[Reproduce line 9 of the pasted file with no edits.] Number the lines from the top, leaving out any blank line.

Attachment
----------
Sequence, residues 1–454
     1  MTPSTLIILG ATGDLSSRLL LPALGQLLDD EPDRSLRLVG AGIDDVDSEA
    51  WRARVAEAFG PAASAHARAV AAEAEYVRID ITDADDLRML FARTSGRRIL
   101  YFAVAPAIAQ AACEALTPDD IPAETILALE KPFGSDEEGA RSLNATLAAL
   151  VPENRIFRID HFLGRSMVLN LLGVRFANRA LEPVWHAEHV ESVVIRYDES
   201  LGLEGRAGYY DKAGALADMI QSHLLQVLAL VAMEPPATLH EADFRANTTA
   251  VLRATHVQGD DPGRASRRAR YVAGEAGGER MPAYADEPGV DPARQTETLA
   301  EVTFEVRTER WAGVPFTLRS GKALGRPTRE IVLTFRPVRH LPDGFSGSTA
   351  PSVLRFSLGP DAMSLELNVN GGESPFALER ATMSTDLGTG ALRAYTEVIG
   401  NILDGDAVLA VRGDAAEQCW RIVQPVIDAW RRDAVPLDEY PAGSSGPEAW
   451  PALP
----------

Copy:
   351  PSVLRFSLGP DAMSLELNVN GGESPFALER ATMSTDLGTG ALRAYTEVIG